Once the exercise is completed, Callahan said, DHS will determine which technologies and methodologies to use in implementing Einstein 3.

The privacy impact statement provides some details on what's expected of the parties involved in the test and, presumable, in actuality when Einstein 3 is deployed: the ISP, the DHS units and participating federal agency.

The 19-page privacy impact assessment describes the four stages of the test, with each stage built on the capabilities of the previous phase. The stages are:

    Phase One will demonstrate the TIC Access Provider's ability to successfully redirect the participating agency's traffic. The ISP will demonstrate that it can accurately identify the participating agency's traffic, re-direct only this network traffic to a secured facility within the ISP's facility, and then re-insert this same traffic back from the secured facility onto the ISP's network.

    Phase Two will involve the installation of Einstein 3 in the secured facility within the TIC Access Provider's facility. Planned for 30 days from completion of Phase One.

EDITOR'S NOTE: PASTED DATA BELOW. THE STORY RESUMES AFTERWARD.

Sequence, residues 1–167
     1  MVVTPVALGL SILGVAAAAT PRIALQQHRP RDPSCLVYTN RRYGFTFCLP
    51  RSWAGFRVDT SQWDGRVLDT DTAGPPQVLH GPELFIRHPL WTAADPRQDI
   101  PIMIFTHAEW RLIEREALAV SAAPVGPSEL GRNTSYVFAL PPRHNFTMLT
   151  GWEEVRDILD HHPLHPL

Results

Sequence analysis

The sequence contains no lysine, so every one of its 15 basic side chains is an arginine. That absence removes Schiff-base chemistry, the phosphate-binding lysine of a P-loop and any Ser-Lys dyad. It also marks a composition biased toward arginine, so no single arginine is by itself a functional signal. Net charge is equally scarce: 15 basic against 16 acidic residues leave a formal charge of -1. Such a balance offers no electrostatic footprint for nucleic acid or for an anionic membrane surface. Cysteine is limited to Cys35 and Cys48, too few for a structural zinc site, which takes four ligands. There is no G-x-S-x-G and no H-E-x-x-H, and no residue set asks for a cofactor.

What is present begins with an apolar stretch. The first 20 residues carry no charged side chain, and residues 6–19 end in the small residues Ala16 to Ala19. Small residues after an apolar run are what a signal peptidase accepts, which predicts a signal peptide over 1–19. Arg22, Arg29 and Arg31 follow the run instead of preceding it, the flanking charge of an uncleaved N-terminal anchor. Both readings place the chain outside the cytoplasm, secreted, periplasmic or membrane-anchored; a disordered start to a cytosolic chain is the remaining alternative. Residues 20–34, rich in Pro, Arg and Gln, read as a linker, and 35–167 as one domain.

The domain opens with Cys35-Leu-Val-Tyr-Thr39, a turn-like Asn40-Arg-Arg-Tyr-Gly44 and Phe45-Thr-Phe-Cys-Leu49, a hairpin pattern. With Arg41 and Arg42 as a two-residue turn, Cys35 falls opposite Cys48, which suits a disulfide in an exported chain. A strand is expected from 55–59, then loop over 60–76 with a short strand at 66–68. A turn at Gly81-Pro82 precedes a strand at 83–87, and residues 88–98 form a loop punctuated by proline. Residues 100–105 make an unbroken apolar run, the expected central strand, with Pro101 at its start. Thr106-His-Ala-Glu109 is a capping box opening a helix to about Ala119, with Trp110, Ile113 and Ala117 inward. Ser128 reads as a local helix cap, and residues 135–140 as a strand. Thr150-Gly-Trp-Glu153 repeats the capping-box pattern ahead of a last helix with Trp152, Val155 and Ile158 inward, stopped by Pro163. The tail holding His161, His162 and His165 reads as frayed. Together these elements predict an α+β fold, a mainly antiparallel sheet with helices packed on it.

Phase Three will require the TIC Access Provider to connect Einstein 3 and begin the operational portion of the exercise during which U.S.-CERT will begin applying the test's capabilities on the participating agency's traffic against known or suspected cyber threats. The ISP will provide system maintenance as contracted by DHS. Planned for 60 days from completion of Phase Two.

    Phase Four, if elected by DHS, will continue the exercise for 12 months from completion of Phase Three. DHS's determination to extend the exercise will include a review of various factors including: achievement of test objectives and funding.

Callahan said the exercise will operate in a classified environment that will prevent unauthorized access to system information. Access to Einstein 3 will be limited to individuals who are cleared at the appropriate security level and have received DHS privacy training.



About the Author

Eric Chabrow

Eric Chabrow

Retired Executive Editor, GovInfoSecurity

Chabrow, who retired at the end of 2017, hosted and produced the semi-weekly podcast ISMG Security Report and oversaw ISMG's GovInfoSecurity and InfoRiskToday. He's a veteran multimedia journalist who has covered information technology, government and business.